TY - JOUR

T1 - Detecting change-points for shifts in mean and variance using fuzzy classification maximum likelihood change-point algorithms

AU - Lu, Kang Ping

AU - Chang, Shao-Tung

N1 - Publisher Copyright:
© 2016 Elsevier B.V.

PY - 2016/12/15

Y1 - 2016/12/15

N2 - Knowing the time of changes, called change-point (CP), in a process is crucial for engineers to recognize the root cause fast and accurately. Since special causes may induce simultaneous changes in mean and variance, detecting changes in both at once is required. Many methodologies in quality control were developed for detecting changes in either mean or variance only, and process parameters were assumed known often. However, they are rarely known exactly and a small estimation error may lead to unfavorable CP estimates. Fuzzy partitioning is better suited to cases of vague boundaries between two segments which appear very often in reality. A new mechanism, called fuzzy classification maximum likelihood change-point (FCML-CP) algorithm, is proposed to detect shifts in mean and variance simultaneously. A CP framework is transferred into a mixture model and then a FCML-CP algorithm is created through fuzzy classification maximum likelihood procedures. The proposed FCML-CP can be applied to phase I and II processes without knowledge of in-control process parameters; it can estimate multiple CPs of process mean or/and variance simultaneously. The effectiveness and superiority of FCML-CP are shown by extensive experiments with numerical and real data sets. Specifically, the proposed FCML-CP is superior to the commonly used statistical mixture likelihood approach using expectation–maximization (EM) algorithm; it is much more time-saving especially. The remarkable performance of FCML-CP in detecting CPs for small changes is particularly important and helpful for engineers to recognize the special cause fast and correctly since an out-of-control signal resulted from small changes is usually delayed long.

AB - Knowing the time of changes, called change-point (CP), in a process is crucial for engineers to recognize the root cause fast and accurately. Since special causes may induce simultaneous changes in mean and variance, detecting changes in both at once is required. Many methodologies in quality control were developed for detecting changes in either mean or variance only, and process parameters were assumed known often. However, they are rarely known exactly and a small estimation error may lead to unfavorable CP estimates. Fuzzy partitioning is better suited to cases of vague boundaries between two segments which appear very often in reality. A new mechanism, called fuzzy classification maximum likelihood change-point (FCML-CP) algorithm, is proposed to detect shifts in mean and variance simultaneously. A CP framework is transferred into a mixture model and then a FCML-CP algorithm is created through fuzzy classification maximum likelihood procedures. The proposed FCML-CP can be applied to phase I and II processes without knowledge of in-control process parameters; it can estimate multiple CPs of process mean or/and variance simultaneously. The effectiveness and superiority of FCML-CP are shown by extensive experiments with numerical and real data sets. Specifically, the proposed FCML-CP is superior to the commonly used statistical mixture likelihood approach using expectation–maximization (EM) algorithm; it is much more time-saving especially. The remarkable performance of FCML-CP in detecting CPs for small changes is particularly important and helpful for engineers to recognize the special cause fast and correctly since an out-of-control signal resulted from small changes is usually delayed long.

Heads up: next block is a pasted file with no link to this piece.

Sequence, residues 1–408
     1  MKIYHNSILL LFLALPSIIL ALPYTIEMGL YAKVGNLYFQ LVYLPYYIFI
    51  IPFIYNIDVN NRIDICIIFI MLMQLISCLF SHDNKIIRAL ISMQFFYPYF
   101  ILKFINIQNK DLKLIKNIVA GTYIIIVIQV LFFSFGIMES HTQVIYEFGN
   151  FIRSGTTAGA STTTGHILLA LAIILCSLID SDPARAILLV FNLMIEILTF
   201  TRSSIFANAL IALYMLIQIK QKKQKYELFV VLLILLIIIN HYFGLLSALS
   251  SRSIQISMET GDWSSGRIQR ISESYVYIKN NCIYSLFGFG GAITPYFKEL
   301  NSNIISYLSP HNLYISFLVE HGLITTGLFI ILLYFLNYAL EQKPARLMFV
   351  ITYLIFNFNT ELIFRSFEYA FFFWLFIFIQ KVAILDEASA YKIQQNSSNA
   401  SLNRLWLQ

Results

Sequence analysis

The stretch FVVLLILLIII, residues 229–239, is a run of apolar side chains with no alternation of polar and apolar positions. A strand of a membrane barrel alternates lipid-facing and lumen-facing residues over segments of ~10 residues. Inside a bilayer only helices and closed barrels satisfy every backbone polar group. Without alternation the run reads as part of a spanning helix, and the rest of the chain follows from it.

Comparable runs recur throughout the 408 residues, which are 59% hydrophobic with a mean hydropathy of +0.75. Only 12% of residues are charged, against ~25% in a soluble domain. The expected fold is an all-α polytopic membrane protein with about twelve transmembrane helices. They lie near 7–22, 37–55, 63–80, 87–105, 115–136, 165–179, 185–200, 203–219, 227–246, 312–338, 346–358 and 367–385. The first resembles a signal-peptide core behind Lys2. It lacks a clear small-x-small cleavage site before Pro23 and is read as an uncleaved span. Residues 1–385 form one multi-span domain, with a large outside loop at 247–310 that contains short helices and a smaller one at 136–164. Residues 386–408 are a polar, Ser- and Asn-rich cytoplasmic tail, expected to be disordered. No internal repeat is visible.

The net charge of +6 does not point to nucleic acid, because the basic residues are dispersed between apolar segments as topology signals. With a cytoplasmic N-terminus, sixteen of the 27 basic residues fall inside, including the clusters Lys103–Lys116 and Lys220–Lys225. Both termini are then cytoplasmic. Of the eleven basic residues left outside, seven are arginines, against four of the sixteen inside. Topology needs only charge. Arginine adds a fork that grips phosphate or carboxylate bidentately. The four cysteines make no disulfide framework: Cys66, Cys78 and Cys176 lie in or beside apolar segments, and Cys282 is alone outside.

KW - Change-point

KW - Control chart

KW - Fuzzy classification maximum likelihood change-point algorithm

KW - Fuzzy clustering

KW - Mixture model

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U2 - 10.1016/j.cam.2016.06.006

DO - 10.1016/j.cam.2016.06.006

M3 - Article

AN - SCOPUS:84977527157

VL - 308

SP - 447

EP - 463

JO - Journal of Computational and Applied Mathematics

JF - Journal of Computational and Applied Mathematics

SN - 0377-0427

ER -